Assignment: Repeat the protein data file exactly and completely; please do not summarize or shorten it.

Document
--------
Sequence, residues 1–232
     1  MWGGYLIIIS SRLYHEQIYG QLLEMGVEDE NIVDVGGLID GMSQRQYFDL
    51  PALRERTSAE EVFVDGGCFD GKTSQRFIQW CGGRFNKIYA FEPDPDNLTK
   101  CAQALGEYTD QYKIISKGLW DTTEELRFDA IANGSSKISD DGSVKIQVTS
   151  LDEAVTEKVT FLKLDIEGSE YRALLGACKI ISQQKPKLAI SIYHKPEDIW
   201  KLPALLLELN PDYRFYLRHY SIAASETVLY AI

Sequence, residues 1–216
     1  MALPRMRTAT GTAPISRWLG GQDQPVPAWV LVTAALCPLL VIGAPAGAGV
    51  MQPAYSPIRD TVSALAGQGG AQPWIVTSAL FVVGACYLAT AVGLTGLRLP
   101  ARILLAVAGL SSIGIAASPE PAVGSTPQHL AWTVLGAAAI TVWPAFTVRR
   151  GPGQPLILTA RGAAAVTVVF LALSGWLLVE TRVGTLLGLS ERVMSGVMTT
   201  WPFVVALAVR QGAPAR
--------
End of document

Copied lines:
Sequence, residues 1–232
     1  MWGGYLIIIS SRLYHEQIYG QLLEMGVEDE NIVDVGGLID GMSQRQYFDL
    51  PALRERTSAE EVFVDGGCFD GKTSQRFIQW CGGRFNKIYA FEPDPDNLTK
   101  CAQALGEYTD QYKIISKGLW DTTEELRFDA IANGSSKISD DGSVKIQVTS
   151  LDEAVTEKVT FLKLDIEGSE YRALLGACKI ISQQKPKLAI SIYHKPEDIW
   201  KLPALLLELN PDYRFYLRHY SIAASETVLY AI

Sequence, residues 1–216
     1  MALPRMRTAT GTAPISRWLG GQDQPVPAWV LVTAALCPLL VIGAPAGAGV
    51  MQPAYSPIRD TVSALAGQGG AQPWIVTSAL FVVGACYLAT AVGLTGLRLP
   101  ARILLAVAGL SSIGIAASPE PAVGSTPQHL AWTVLGAAAI TVWPAFTVRR
   151  GPGQPLILTA RGAAAVTVVF LALSGWLLVE TRVGTLLGLS ERVMSGVMTT
   201  WPFVVALAVR QGAPAR